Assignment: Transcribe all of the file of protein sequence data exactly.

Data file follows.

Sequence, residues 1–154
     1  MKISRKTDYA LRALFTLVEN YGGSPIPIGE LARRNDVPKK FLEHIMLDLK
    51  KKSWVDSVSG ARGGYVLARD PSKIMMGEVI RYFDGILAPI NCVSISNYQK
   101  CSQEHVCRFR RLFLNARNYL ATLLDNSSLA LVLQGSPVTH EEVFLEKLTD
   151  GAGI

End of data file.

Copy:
Sequence, residues 1–154
     1  MKISRKTDYA LRALFTLVEN YGGSPIPIGE LARRNDVPKK FLEHIMLDLK
    51  KKSWVDSVSG ARGGYVLARD PSKIMMGEVI RYFDGILAPI NCVSISNYQK
   101  CSQEHVCRFR RLFLNARNYL ATLLDNSSLA LVLQGSPVTH EEVFLEKLTD
   151  GAGI